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RBI Eases External Commercial Borrowing (ECB) Norms: January 2019

Narendra Kumar

| Updated: Feb 02, 2019 | Category: Startup

External Commercial Borrowing

For the betterment of ease of doing business in India, RBI has revised the “External Commercial Borrowing Norms (ECB Norms)”.The ECBs are bifurcated into two; by merging the track I & track II to form FCY denominated ECB and merging the track III and rupee-denominated bonds to form INR denominated ECB. The Reserve Bank of India has announced the latest norms on 16th January 2019; to expand the horizon of borrowers by letting all the entities, eligible for “Foreign Direct Investment” to borrow via External Commercial Borrowing (ECB). Further, we will take a look at the highlights of ECB norms announced by RBI.

Highlights of Latest External Commercial Borrowing Norms

We have divided the Revised ECB norms into majorly 8 highlights for your better understanding. Let’s take a look; what are the changes incorporated in the ECB norms.

Highlight 1: Reclassification and Merging of Tracks of External Commercial Borrowing (ECB)

Earlier FrameworkRevised ECB Framework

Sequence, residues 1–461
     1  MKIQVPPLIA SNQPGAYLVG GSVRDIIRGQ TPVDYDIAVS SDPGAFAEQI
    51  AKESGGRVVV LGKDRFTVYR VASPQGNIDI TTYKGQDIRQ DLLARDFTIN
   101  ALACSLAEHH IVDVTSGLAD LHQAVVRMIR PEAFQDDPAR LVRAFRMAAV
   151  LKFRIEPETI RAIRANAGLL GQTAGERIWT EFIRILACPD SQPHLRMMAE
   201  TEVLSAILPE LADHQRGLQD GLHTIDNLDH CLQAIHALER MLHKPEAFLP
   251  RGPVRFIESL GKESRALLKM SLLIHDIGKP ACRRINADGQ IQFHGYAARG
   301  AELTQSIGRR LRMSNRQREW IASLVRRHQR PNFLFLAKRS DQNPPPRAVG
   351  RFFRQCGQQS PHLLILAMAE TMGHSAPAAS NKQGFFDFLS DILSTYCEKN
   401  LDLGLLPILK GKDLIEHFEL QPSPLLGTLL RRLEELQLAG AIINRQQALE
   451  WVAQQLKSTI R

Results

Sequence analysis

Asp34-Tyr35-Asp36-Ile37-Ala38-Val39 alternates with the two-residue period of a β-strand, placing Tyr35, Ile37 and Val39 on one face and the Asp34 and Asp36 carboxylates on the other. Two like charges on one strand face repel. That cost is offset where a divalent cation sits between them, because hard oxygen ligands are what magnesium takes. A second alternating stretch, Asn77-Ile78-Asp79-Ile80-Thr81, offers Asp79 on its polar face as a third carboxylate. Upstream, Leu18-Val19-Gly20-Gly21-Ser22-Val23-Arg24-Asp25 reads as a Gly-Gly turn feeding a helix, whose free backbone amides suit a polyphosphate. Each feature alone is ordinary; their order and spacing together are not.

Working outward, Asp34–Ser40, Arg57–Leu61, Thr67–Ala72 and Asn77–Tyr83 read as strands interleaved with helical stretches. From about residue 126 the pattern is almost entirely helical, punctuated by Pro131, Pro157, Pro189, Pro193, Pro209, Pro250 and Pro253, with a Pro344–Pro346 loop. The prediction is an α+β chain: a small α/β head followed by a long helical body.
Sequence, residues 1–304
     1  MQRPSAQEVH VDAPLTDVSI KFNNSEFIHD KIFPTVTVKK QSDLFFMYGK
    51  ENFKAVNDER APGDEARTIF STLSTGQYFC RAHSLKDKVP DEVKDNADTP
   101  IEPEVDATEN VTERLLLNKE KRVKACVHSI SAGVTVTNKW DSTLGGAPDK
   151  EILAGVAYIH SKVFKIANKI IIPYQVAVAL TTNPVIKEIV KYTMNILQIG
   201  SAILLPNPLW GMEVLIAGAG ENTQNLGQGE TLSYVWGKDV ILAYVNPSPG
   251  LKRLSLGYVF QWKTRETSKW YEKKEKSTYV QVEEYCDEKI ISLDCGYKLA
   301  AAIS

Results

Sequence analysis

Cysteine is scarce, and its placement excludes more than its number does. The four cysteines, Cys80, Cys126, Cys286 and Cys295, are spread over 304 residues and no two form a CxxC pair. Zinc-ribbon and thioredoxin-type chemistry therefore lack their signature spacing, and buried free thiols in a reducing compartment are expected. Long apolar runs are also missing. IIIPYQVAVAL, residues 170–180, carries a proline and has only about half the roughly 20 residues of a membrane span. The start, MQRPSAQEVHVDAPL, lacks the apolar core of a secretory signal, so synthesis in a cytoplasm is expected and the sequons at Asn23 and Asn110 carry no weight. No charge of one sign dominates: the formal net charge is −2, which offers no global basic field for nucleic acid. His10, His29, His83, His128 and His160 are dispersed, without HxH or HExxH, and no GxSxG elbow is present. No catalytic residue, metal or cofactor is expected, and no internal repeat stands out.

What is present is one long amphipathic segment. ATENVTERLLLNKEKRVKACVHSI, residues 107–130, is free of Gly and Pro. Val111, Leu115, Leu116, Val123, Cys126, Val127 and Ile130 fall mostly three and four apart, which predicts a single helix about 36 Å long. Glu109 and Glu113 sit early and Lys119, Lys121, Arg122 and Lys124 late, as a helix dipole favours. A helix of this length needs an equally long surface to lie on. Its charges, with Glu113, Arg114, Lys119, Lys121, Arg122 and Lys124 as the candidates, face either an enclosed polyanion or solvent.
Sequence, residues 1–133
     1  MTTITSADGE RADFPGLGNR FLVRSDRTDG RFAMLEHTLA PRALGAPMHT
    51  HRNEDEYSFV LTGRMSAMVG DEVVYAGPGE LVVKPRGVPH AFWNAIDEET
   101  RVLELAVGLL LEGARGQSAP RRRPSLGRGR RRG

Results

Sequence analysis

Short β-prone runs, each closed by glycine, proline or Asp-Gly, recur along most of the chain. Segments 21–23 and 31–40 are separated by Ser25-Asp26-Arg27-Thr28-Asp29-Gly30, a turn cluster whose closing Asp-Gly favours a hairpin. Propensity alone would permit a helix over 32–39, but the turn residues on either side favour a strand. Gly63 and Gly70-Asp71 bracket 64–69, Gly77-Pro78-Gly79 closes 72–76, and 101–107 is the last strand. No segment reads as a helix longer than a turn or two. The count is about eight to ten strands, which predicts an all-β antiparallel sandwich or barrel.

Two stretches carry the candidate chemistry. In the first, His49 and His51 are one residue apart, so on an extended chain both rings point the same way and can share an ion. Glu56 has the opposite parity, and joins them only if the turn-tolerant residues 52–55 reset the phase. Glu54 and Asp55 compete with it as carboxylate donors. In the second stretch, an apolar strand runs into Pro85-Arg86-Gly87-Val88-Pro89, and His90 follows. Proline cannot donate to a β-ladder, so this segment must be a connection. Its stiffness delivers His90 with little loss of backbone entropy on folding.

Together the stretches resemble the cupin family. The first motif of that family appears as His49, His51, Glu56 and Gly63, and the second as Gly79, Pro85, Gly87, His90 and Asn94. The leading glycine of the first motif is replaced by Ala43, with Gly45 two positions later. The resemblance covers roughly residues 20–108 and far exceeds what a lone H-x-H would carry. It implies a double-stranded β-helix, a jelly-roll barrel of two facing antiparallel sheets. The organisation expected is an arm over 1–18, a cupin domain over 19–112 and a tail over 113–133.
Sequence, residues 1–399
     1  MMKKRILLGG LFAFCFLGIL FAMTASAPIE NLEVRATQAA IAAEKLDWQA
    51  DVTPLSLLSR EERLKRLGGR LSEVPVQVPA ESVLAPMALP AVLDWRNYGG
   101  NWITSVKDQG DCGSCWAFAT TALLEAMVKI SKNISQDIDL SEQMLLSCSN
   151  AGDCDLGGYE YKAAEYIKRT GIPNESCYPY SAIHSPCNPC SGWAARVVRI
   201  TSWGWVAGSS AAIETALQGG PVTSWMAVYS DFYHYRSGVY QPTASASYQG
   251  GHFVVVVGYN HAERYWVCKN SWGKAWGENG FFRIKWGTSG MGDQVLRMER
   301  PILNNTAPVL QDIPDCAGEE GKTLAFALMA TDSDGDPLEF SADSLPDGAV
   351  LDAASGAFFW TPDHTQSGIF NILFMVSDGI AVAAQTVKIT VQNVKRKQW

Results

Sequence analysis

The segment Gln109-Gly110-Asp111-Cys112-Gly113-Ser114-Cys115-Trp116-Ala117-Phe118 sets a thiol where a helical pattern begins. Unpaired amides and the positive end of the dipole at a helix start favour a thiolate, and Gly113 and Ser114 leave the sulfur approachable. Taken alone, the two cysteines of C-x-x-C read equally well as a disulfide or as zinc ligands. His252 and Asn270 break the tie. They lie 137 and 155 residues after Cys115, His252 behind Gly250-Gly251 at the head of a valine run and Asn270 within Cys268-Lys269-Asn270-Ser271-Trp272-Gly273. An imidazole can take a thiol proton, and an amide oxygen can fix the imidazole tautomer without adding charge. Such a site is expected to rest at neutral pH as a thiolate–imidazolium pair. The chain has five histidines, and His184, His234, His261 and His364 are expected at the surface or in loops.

1.       In earlier regulations, there were three distinct identified Tracks. Track I, Track II, and Track III.1.       But now they have been modified into two.

2.       First, is the FCY denominated ECB which is formed by merging the Track I & Track II

3.       And second is the INR Denominated ECB which is formed by merging Track III and Rupee Denominated Bonds (Masala Bonds).

 “FCY- Foreign Currency”

“INR-Indian Rupee”

“ECB- External Commercial Borrowing”

Takeaway:

The main purpose of all these modifications is to bring the Instrument-neutral ECB framework by differentiating majorly on the basis of currency denominations (FCY & INR)

Highlight 2: Expansion of Eligible borrowers’ list

Earlier FrameworkRevised ECB Framework
1.       Eligible borrowers were categorized under different tracks (Tracks I, II, III; which now bifurcated into “FCY Denominated ECB” and “INR Denominated ECB”)   and permitted only certain identified entities to avail ECBs.1.       All the entities which are allowed to receive Foreign Direct Investment (FDI) as per the FDI policy can raise ECB from Person residing outside India.

2.       Specific Entities such as Port trusts, Units in SEZ, SIDBI, EXIM Bank are allowed to raise Foreign currency (FCY) denominated ECB, as well as Indian rupee (INR), denominated ECBs`